Spread the love

Creativity & Everyday Miracles- Nancy Hillis MD & Bruce Sawhill PhD

Creativity & Everyday Miracles- This post is informed by conversations with Dr. Bruce Sawhill, Stanford educated theoretical physicist and mathematician.

Creativity and Everyday Miracles

 

When Bruce was a researcher at the Santa Fe Institute, he lived in an old sheepherder’s cabin in the river canyon east of downtown, a tiny place with a sod roof held up by bowed beams and heated by a wood stove.

Like many academics at early phases of their careers, at least in the late 20th century, he had two identifying characteristics.

1.  He moved a lot.  It’s almost like being in the military—a succession of appointments in a succession of geographies, sometimes many time zones apart from each other, one passing like a ghost through one community after another.

2. Every move accompanied by prodigious quantities of books and papers, perhaps the main component of one’s possessions.

Now, we’ll turn it over to Bruce to tell his story.

 

Reframing the Question

 

One spring day I decided to pare down my possessions because I was tired of the packing and unpacking. I went through my sixty or so boxes of books and selected 23 boxes’ worth.  

There was a bookstore in town that bought old books for cash or store credit.

 

bookshelves

 

A few days after I dropped off my carful of books, I got a call from the bookstore.  They were offering me a considerable sum for the pile of books. In retrospect, it probably worked out to be about a dollar a pound.

It was one of those bright sunny restless windy spring days where the land no longer smelled like wet flinty stone and lifeless soil, but instead had the odors of green shoots, the sweetness of new willow and alder leaves unfurling. I emerged from the bookstore whistling, windfall in hand.

 

Valley in springtime, New Mexico

 

As Willa Cather said in Death Comes For The Archbishop,

 

Something soft and wild and free, something that whispered to the ear on the pillow, lightened the heart, softly, softly picked the lock, slid the bolts, and released the prisoned spirit of man into the wind, into the blue and gold, into the morning, into the morning! 

 

Imbued with this spirit, I took my fistful of cash and drove a few miles south to a tree nursery.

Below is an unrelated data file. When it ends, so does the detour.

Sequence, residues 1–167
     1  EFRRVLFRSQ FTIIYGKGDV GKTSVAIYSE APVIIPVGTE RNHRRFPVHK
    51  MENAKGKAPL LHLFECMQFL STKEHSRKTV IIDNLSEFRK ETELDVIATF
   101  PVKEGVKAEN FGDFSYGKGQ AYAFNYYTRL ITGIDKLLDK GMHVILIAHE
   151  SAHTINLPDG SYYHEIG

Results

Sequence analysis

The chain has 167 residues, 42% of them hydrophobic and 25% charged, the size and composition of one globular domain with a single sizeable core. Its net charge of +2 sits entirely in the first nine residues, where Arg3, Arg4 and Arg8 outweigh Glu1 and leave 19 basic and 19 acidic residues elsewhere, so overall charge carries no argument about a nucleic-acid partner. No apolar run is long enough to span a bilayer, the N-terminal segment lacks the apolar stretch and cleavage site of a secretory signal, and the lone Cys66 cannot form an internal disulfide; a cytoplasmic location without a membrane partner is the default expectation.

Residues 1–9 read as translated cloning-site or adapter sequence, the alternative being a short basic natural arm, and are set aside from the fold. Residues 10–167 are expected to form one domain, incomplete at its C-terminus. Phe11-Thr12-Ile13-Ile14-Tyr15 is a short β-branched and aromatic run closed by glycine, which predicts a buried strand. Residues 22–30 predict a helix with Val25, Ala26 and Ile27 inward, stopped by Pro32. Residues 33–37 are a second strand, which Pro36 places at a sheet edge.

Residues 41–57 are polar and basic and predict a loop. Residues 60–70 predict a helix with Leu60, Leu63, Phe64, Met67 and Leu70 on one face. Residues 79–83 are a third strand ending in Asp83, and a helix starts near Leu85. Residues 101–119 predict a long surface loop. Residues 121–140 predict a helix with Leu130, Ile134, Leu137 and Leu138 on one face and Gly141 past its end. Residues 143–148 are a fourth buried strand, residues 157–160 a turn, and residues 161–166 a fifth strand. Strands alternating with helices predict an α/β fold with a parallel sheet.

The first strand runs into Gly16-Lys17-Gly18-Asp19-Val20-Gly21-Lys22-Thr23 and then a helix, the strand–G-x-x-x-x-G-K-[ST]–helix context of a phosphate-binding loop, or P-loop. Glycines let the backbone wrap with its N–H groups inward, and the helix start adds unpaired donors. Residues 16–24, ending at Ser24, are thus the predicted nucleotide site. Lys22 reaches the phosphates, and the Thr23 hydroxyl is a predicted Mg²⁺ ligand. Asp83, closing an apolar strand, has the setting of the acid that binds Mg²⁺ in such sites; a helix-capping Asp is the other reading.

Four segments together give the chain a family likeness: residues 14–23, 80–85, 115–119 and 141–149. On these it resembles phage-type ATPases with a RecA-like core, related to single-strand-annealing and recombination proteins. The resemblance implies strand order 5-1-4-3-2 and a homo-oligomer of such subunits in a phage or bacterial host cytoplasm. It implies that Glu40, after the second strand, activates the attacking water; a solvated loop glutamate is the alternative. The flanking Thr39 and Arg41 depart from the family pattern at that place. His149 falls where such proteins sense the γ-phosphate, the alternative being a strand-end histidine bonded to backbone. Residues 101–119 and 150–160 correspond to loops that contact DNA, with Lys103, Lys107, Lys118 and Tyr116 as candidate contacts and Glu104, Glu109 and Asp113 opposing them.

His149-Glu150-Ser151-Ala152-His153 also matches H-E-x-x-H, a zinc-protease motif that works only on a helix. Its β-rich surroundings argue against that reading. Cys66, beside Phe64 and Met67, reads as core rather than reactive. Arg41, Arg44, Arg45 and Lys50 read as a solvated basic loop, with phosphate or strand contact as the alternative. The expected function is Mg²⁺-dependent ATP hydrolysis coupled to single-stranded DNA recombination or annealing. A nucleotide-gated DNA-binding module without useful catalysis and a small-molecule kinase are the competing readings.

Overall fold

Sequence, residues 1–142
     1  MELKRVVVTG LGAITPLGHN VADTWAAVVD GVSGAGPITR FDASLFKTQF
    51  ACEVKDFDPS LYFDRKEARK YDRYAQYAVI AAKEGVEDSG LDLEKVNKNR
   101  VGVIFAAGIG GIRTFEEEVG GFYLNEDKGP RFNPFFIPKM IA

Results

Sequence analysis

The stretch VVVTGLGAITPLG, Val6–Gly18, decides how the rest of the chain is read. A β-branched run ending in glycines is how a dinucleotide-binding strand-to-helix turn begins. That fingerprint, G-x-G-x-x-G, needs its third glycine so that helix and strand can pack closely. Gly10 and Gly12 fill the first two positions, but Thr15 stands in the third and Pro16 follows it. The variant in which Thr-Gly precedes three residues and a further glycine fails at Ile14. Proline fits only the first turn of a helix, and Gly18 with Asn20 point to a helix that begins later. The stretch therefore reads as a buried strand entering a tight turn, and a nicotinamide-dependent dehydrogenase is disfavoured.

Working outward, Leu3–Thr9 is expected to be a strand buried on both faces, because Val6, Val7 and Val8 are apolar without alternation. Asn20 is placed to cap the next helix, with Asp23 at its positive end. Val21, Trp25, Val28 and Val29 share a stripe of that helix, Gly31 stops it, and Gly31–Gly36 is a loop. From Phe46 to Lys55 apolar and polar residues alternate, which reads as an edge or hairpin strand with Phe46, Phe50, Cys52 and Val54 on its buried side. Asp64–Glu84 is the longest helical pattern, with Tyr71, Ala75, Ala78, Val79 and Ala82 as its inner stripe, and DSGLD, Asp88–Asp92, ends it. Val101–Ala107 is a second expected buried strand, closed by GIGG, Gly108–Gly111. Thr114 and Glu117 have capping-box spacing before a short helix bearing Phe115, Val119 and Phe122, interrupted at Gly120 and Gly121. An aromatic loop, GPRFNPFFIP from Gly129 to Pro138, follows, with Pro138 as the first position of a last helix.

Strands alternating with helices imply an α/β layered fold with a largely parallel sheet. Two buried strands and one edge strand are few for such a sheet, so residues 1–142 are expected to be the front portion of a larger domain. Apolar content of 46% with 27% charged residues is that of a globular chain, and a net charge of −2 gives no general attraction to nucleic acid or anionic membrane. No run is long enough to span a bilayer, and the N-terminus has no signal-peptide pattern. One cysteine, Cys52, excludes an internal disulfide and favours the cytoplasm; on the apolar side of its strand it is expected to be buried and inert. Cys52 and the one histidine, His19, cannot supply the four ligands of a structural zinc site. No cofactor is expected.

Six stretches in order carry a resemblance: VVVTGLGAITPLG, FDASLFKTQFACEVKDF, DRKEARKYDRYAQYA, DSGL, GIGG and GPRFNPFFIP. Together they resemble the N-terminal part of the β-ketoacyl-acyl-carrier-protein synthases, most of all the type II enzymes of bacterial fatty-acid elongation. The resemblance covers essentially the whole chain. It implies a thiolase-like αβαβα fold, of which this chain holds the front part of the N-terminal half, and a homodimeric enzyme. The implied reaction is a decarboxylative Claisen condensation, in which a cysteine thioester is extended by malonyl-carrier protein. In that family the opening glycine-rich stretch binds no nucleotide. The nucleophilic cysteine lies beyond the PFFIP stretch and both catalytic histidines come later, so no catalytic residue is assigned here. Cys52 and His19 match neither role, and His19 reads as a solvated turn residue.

There I bought two good-sized cottonwood trees that were taller than I and perhaps 2 inches in diameter, sitting in big black 15-gallon plastic pots and tagged with fluttering tags, plus an apple tree for good measure.

I drove home with the foliage protruding from the hatchback of my car, rustling and buffeting.

 

Tree nursery selection

 

Over the next couple of days I dug holes in the unforgiving hard caliche New Mexico soil, digging a few inches, filling the hole with water to soften the next few inches, rinse and repeat.

It required a pickaxe, sledgehammer, and crowbar. If I had possessed dynamite, I would have been tempted to try it.

I planted one tree to the west of the cabin, hoping for shade from the brutal afternoon sun, though the benefits were certain to be years off. 

There’s something about trees that inspires irrational hope. Trees are nonplussed by rock-hard soil, they are patient, roots keep trying.

Side note: Why are there words without opposites like nonplussed?  Who is ever plussed? Or gruntled?

Only after I had planted all of the trees did I pause and reflect what I had just done.

We all know that books, at least modern ones, come from trees via the intermediate step of paper and a lot of chemical processing. 

 

Turning Books Into Trees

 

I had managed to reverse the process, turning books into trees. An event on first blush so improbable that it would be more likely for a tornado to strike a junkyard and magically assemble a fully operable commercial airliner.

Sometimes accomplishing the impossible just requires a reframing of the problem. Sometimes you don’t even know what you did until you pause to think about it.

Twenty-two years later, with the help of Google Earth, I see the little cabin basking in the shade of substantial trees. I think they are the same ones.

Maybe there is even a hammock between the two I planted a hammock distance apart, with repose aforethought. Maybe somebody is thinking, “What luck!  A hammock just fits!”

 

Cottonwoods and cabin

 

It wasn’t luck at all.

With gratitude from my studio to yours,

Nancy

 

 

Click on the arrow above to catch our interview on Art & Complexity on The Jim Rutt Show.

 

The Artist’s Journey: Bold Strokes To Spark Creativity is named by BookAuthority as one of the Top 100 Books On Creativity.

 

 

 

 


Spread the love